By Haiyun Damon-Feng*
In January 2019, the Department of Homeland Security (DHS) began implementing the inaptly named “Migrant Protection Protocols” (MPP), often referred to as the “Remain in Mexico” policy. MPP is a coercive, inhumane, and likely unlawful U.S. immigration policy that marked a stark departure from U.S. asylum law and procedure. Asylum is a humanitarian protection available to people fleeing persecution in their home countries, including people who have suffered severe violence and threats of death on account of their religion, sexual orientation, gender, or political beliefs. The right to seek asylum is enshrined in U.S. immigration law and in U.S. commitments under international law. As a general matter, any individual physically in the United States is entitled to seek asylum, regardless of how or where they entered the country, and may remain in the country while their asylum claim is pending.
MPP essentially turned the process of seeking asylum on its head. Under MPP, asylum seekers present in the United States were not allowed to remain in the country; instead, they were forcibly returned to Mexico, where many were kidnapped, assaulted, tortured, or killed. On Day One of his presidency, President Biden suspended new enrollments of asylum seekers in MPP. On February 11, 2021, DHS announced that it was taking long-awaited and highly anticipated steps toward unwinding and shutting down MPP. Although the rollout of the wind-down process has been confusing and far from smooth, the first group of asylum seekers was processed into the United States on February 19, 2021, and DHS has committed to continue to process people out of MPP and into the United States.
Over 68,000 asylum seekers, predominantly from Central America, were returned to Mexico under MPP. Some 25,000 MPP cases remain open. Of the cases that have been adjudicated, about 32,600 have resulted in removal orders, 10,600 in termination of removal proceedings (i.e., dismissal), and 500 in immigration relief. Some people were effectively coerced into accepting removal as a way to escape the horrors of MPP; some abandoned their claims because they could not sustain themselves in Mexico; and others were ordered removed in absentia because they were kidnapped and held captive during their scheduled hearings, and therefore could not appear in court. Of the total removal orders issued, more than 86 percent—more than 28,000 orders—were issued in absentia after an individual failed to appear for their immigration court hearing.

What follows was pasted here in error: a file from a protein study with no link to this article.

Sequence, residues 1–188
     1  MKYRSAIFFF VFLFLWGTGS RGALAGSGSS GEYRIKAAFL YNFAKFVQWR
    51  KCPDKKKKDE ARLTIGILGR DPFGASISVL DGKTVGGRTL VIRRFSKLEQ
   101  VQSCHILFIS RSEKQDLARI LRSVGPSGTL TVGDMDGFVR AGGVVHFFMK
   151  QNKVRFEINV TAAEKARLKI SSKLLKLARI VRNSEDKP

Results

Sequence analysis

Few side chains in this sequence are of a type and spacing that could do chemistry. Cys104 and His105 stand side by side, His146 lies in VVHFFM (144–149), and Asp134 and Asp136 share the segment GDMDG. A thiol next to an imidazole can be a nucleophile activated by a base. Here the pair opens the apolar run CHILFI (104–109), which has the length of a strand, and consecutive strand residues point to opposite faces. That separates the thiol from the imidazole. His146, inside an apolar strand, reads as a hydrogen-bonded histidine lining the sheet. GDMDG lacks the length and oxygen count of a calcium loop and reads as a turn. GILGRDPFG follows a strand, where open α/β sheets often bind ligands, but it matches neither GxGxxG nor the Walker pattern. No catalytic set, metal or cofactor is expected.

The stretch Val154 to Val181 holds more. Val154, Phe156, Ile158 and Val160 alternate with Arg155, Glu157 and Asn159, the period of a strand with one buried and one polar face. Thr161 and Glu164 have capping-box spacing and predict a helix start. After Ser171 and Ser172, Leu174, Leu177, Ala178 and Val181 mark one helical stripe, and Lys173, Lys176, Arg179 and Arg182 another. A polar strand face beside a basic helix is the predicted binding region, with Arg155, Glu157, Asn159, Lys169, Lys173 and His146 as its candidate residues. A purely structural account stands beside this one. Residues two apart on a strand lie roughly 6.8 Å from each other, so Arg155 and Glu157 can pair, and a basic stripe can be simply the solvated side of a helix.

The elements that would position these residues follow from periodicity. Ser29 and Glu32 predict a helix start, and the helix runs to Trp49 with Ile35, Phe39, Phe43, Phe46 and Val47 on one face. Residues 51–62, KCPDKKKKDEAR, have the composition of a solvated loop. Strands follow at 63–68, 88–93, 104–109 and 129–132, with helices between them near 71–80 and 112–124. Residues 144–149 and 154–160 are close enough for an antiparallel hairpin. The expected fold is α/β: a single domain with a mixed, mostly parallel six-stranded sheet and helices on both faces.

Removal orders attach permanent restrictions on a person’s ability to seek U.S. immigration relief in the future. This essay examines the issue of removal in the MPP context and argues that removal orders issued under MPP can, and should, be rescinded.
I. Removal Orders Issued in MPP Should Be Rescinded as the Result of a Coercive and Likely Unlawful Program
Since its inception, MPP has stood on questionable legal footing. A few months after it was announced, the U.S. District Court for the Northern District of California enjoined MPP, finding that the policy was inconsistent with the statutory framework set forth by the Immigration and Nationality Act. The injunction was stayed pending appeal before the U.S. Court of Appeals for the Ninth Circuit. During the stay, DHS continued MPP and expanded it along the southern border. The Ninth Circuit then affirmed the district court’s preliminary injunction on the merits, but the circuit court’s mandate was also stayed pending appeal to the U.S. Supreme Court. This case, Mayorkas v. Innovation Law Lab, is currently before the Supreme Court, but was removed from the Court’s February 2021 calendar and is being held in abeyance following a request from the U.S. Department of Justice.
Other federal courts that have considered MPP have also found the program to be unlawful as applied to individuals and groups of asylum seekers, and that the few procedural safeguards that applied to MPP were being either ignored or exercised in a way that unlawfully denied asylum seekers their right to counsel. Through MPP, the U.S. government placed an international border between asylum seekers and their ability to access counsel, making it nearly impossible for people in MPP to find representation in their immigration court proceedings—over 92 percent of people in MPP were never able to retain an attorney. The few who were able to secure counsel still faced additional barriers to adequately preparing for their asylum cases, including difficulty meeting with their attorneys and collecting the evidence necessary to support their claims.
The Ninth Circuit has further held that MPP likely violates the United States’ treaty- and statute-based non-refoulement obligations, which prohibit the United States from returning an individual to a territory where they are likely to be persecuted or tortured. The court found that people returned to Mexico pursuant to MPP “face targeted discrimination, physical violence, sexual assault, overwhelmed and corrupt law enforcement, lack of food and shelter, and practical obstacles to participation in court proceedings in the United States.”
MPP is undeniably coercive. The program was lauded as a success by the Trump Administration, which boasted that under the conditions of MPP, “aliens without meritorious claims—which no longer constitute a free ticket into the United States—are beginning to voluntarily return home.” This Hobbesian premise effectively relies on human rights violations as an immigration adjudication and sorting mechanism, and rests on the flawed assumption that only those with meritorious asylum claims would self-select into, and continue to wait in, such harsh and inhumane conditions. It is inappropriate and inconsistent with the principles of due process, fundamental fairness and dignity that lie at the core of our legal and justice system, but MPP has been incredibly effective at reducing the number of asylum seekers able to gain humanitarian protection. One of my clients, like other parents in MPP, waived the right to seek asylum for himself and his child and accepted removal orders after an immigration judge told him that accepting removal was the only way for him to get his child out of the dangers of MPP. Removal orders issued as part of MPP should be void ab initio in recognition that the program itself deliberately and successfully denied asylum seekers of the fundamental due process protections necessary to a fair and functioning adjudicative process.